Adriana's communication was now very limited but mid morning on Thursday I asked her if she remembered what an MRI was like and if she wanted me to take her to the hospital, she said no. Lifting a bit of the decision burden off of my shoulders I was now fairly clear on what to do. Hospice was out Thursday afternoon. With some new meds on board Thursday we had her pain under control but things seemed grave. Just after the admit nurse left, Adriana started grabbing me and kissing me and moving about, agitated and putting her feet on me and the like. I called hospice and asked (after being on hold seemingly forever, 3 minutes?) to have someone come back right away, which our awesome nurse did. Adriana had a couple of hours of “terminal agitation” and with more meds, finally calmed down for the rest of the night. At that time she was determined to be in the weeks to days classification at the end of her life as a result of the advancement of this horrible disease. She had made it past her bucket list milestones and had experienced some exhaustion doing it and her body now was likely ready to be done with this cancer nonsense. It was very difficult night for me. Thursday night Adriana said “Not Today.”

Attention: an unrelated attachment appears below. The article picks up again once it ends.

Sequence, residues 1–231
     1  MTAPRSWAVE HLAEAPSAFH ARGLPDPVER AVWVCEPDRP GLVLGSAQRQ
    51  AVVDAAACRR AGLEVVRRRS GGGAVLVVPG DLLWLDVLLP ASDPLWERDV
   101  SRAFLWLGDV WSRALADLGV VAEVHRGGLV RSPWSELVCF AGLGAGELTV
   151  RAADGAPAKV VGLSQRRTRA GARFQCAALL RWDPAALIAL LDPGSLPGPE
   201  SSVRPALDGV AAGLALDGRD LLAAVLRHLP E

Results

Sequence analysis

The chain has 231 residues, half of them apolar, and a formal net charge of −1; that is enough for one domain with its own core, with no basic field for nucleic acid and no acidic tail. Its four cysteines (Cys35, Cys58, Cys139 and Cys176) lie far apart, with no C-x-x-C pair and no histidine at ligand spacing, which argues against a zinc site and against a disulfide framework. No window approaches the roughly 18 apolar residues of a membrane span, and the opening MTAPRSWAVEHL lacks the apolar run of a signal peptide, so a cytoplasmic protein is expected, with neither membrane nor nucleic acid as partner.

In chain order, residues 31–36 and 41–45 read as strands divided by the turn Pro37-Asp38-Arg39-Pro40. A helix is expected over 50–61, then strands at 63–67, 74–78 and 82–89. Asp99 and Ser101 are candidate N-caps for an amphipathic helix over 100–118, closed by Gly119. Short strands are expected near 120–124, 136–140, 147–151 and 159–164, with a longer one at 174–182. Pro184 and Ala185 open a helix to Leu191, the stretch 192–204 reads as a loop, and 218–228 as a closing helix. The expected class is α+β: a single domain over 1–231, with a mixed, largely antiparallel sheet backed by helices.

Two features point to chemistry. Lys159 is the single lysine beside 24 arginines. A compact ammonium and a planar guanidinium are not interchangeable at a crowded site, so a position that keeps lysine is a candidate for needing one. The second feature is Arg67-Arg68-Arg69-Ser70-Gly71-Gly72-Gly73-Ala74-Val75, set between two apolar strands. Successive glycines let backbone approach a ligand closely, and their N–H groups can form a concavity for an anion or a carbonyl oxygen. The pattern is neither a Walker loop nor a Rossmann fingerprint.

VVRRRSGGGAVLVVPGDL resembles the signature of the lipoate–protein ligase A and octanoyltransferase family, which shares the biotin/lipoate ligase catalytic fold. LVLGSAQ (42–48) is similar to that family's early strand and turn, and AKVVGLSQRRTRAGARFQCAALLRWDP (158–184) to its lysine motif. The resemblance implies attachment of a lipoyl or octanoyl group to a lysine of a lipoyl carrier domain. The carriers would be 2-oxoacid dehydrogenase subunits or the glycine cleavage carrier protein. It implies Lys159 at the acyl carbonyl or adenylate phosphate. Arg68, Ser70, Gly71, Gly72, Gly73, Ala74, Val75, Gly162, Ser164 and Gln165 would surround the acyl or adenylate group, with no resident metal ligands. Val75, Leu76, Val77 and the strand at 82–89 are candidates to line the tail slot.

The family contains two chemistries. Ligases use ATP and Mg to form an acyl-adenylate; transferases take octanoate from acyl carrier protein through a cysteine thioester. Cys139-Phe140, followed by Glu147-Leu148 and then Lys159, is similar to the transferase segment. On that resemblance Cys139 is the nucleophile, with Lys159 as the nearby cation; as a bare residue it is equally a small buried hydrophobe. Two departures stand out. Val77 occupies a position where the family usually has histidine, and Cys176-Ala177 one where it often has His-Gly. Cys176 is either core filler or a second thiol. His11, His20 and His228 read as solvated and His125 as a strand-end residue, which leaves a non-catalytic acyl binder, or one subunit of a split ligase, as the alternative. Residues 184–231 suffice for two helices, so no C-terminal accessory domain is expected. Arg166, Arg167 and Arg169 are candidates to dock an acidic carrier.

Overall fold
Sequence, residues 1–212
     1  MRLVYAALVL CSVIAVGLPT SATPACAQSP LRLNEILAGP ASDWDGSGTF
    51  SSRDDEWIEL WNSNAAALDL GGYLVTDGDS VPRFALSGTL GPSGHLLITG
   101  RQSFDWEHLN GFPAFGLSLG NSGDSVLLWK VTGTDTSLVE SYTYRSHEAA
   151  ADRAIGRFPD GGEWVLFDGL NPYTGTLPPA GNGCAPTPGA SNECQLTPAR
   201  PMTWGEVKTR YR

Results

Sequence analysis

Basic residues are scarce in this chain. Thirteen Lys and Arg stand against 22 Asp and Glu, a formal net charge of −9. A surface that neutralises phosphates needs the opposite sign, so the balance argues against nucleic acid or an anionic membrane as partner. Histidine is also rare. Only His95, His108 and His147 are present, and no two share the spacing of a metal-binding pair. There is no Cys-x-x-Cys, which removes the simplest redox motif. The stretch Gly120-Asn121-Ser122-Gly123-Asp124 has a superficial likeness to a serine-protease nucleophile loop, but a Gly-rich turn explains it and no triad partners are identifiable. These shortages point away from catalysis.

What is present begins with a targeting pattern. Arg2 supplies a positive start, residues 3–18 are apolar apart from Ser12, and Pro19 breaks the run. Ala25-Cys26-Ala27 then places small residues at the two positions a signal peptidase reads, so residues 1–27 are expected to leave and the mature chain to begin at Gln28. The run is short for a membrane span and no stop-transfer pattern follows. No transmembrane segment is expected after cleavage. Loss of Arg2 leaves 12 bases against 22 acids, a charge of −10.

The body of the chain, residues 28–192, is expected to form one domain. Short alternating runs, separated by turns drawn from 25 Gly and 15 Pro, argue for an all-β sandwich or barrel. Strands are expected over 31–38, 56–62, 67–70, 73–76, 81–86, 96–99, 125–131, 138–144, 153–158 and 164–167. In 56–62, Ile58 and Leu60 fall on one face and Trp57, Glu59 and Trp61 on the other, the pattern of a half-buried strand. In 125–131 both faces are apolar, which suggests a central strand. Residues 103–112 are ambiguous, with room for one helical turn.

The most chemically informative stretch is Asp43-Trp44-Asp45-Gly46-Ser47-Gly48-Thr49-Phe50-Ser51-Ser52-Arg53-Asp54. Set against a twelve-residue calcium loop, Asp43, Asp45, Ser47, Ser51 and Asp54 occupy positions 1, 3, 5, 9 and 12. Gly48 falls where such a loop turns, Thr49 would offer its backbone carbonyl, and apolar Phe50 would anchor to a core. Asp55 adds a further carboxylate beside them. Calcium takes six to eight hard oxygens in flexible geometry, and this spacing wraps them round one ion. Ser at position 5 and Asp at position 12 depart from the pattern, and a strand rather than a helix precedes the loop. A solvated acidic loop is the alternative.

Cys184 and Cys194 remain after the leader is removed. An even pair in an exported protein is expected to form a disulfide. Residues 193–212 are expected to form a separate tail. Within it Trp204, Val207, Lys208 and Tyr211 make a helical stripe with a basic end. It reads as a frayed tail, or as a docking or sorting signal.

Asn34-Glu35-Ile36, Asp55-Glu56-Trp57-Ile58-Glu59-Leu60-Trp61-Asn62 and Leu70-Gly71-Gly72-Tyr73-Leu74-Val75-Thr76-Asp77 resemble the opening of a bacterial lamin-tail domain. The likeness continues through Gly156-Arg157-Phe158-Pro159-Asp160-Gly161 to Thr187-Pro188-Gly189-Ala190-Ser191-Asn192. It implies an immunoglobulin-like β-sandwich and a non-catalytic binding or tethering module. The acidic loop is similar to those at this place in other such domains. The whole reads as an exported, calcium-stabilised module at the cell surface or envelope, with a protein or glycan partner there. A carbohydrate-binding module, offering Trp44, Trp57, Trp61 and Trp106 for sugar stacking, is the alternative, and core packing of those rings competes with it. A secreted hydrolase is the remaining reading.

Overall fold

Having made it through the night, I had been up and around early for meds and coffee but had laid back down to rest. Her sister had been here but had just left for the airport to pick up her daughter and mother arriving at 11AM from Ohio. I tried to get up to give more meds but was dizzy and lightheaded (probably stress and exhaustion on my part) and had to phone her sister to come back to assist as I was laying on the floor with nausea at this point. After I got back in to bed, seemingly barely conscious herself, Adriana rolled over and embraced me and rubbed and patted me on the back to comfort me. I was touched and amazed by my incredible wife. I was shortly able to recover out of necessity and get back to caring for her. Friday afternoon still seemingly declining with an increased heart rate but more stable we started the next evening. At one point during her waking times between meds, she continued to badger be to help her to stand. Although this seems it should be a private moment I offer this incredibly touching moment of love between Adriana and I. Remember she is seemingly not mostly lucid and having a restless moment. I had been in my PJ bottoms with no shirt and had been laying down. She badgered me to help her stand up which I finally obliged. She then removed her shirt so that her skin was touching mine and we laid back down and embraced for a period. She just wanted to feel me against her. Really two of my most treasured moments during my life with her. Later that night she had a rather restless first half of the night but settled down after her 3:30AM meds. During the next couple hours I noted a racing pulse with shallow and intermittent reparation which the hospice nurse indicated could be an indication that she may be close to the end. In fact on two different occasions I thought she had passed on. Adriana said “Not Today.”